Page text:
Some problems have become so ingrained within our society that they go all-but unnoticed, even as they lie in our plain sight. The way we use public video surveillance today is one of these problems: we accept its potential to violate our privacy, its unsuitability for data collection, and its great expense because we believe it to be our only option. This is no longer the case. Seismic Data is a proof of concept for an audio-based surveillance system that answers each of these issues while providing opportunities far beyond its elementary security applications.
What it does
Seismic’s use of audio for surveillance is simultaneously more effective and less invasive than video. By triangulating the origin of every sound impulse traveling through the ground, it can track every moving object within a confined space, regardless of obstacles that would interrupt a camera’s line of sight. Though it does not know what a person looks like, it does know where that person was and when.
How we built it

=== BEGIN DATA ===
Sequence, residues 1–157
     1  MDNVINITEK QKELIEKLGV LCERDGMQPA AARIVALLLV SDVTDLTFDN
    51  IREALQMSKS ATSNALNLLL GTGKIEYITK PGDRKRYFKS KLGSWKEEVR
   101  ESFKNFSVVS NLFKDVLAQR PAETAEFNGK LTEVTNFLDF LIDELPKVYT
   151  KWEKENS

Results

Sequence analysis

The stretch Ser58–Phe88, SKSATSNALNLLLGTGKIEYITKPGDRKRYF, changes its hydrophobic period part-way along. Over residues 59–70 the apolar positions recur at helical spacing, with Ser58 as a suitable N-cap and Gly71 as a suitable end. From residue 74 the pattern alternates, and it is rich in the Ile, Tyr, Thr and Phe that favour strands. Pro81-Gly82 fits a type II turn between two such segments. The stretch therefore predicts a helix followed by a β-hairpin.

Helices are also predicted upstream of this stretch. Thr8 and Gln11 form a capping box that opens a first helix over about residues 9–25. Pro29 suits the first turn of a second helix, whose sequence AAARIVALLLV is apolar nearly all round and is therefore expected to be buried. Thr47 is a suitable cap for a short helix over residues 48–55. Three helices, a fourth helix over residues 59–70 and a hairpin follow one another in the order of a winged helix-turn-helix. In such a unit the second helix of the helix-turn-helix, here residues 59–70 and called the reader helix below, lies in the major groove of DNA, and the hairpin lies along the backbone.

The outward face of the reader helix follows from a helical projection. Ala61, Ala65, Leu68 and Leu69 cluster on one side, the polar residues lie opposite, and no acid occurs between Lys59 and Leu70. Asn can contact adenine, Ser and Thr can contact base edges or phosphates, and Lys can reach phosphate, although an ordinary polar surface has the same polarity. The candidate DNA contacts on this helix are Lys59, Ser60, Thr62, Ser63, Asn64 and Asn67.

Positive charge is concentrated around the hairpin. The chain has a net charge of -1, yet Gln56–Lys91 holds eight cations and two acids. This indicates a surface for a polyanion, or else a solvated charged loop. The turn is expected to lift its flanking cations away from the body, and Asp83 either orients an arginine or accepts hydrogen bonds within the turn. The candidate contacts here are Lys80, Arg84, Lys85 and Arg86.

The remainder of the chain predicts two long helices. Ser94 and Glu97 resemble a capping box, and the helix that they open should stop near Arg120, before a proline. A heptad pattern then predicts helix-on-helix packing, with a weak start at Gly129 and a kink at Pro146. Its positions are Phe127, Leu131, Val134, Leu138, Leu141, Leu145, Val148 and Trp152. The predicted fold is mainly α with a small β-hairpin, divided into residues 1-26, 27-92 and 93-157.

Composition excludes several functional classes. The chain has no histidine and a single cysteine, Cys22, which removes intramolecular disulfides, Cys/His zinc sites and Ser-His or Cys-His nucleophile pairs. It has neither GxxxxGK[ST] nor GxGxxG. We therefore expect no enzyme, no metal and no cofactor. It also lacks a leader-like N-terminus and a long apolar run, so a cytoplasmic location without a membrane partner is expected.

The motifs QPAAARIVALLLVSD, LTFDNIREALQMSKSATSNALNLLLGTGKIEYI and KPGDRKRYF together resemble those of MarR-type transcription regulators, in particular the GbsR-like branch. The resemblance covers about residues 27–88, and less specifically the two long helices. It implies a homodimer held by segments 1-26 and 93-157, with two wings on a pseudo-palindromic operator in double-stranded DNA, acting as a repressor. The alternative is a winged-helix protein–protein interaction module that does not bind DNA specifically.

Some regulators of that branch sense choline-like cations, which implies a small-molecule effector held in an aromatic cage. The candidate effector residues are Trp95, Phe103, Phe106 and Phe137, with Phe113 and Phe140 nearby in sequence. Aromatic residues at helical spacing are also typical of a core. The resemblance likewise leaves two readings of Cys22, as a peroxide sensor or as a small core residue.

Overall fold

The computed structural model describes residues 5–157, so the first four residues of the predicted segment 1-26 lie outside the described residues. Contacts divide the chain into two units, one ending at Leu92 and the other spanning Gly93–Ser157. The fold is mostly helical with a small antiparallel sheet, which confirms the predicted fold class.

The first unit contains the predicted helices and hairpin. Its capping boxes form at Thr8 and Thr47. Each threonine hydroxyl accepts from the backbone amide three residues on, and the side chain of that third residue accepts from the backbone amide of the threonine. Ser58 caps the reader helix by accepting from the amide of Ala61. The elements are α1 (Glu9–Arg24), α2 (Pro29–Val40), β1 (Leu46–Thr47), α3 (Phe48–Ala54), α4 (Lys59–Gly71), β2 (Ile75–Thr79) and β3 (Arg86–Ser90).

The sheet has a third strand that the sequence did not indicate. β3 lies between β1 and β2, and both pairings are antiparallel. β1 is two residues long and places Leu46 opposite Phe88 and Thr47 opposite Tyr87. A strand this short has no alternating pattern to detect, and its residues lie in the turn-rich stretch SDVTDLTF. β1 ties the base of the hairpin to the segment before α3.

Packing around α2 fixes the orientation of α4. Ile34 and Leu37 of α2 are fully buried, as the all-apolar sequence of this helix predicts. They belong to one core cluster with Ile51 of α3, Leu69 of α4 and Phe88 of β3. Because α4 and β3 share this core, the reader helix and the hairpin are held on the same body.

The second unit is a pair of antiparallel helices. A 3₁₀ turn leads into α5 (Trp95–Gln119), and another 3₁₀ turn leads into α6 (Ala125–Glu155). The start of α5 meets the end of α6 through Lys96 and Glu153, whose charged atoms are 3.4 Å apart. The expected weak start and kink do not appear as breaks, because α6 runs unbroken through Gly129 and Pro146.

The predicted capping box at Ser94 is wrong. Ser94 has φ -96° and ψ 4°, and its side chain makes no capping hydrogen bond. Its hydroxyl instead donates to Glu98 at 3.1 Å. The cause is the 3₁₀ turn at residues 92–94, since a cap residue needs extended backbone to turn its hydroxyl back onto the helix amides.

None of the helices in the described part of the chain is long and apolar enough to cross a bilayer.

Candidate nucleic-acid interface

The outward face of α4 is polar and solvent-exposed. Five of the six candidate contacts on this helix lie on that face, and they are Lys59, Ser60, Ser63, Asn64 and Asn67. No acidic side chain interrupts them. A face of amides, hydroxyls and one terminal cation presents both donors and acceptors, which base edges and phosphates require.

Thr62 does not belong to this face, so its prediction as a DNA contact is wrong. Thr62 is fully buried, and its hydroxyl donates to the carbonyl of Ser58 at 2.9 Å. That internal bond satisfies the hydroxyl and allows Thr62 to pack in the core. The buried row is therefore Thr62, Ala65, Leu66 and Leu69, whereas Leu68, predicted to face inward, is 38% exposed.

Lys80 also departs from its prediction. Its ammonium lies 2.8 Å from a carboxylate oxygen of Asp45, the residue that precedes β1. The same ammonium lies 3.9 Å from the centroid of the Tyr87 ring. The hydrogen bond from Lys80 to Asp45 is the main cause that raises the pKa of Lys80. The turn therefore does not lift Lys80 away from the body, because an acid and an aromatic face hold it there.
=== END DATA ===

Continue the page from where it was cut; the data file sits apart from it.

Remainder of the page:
In abstract, Seismic applies an already-established mathematical system, originally developed to triangulate the position of military artillery, but on a relatively smaller scale. Using only the time it takes a sound to reach an array of three microphones, Seismic can theoretically detect the source of any vibration within a confined area of uniform material. It is built using Python, C++, microcontrollers, Tensorflow, love, and caffeine, and it is displayed using a Python GUI.
Challenges we ran into
After one round of testing, we quickly realized that a sound impulse is much harder to detect over a short distance, in a material, than over a long distance in air. While the sound of artillery fire may pass by a sensor in one easy-to-define instant - making triangulation a simple matter of algebra and geometry - footsteps do not reach our sensors in one distinguishable moment and cannot be used mathematically except by a machine-learning algorithm. So what we thought was a simple system of equations became a major technical challenge that we could not fully overcome within our constraints. We also struggled with our own inexperience using many of our technical systems: teaching each other Python, Matlab, and trigonometry was a significant time investment.
While not part of the hack, our team in unique in two ways: No one had previous hackathon experience and none of us knew each other before the event. While you can always attend a hackathon with friends, if you truly want to stay with the spirt of the event, your team should also be "hacked" together!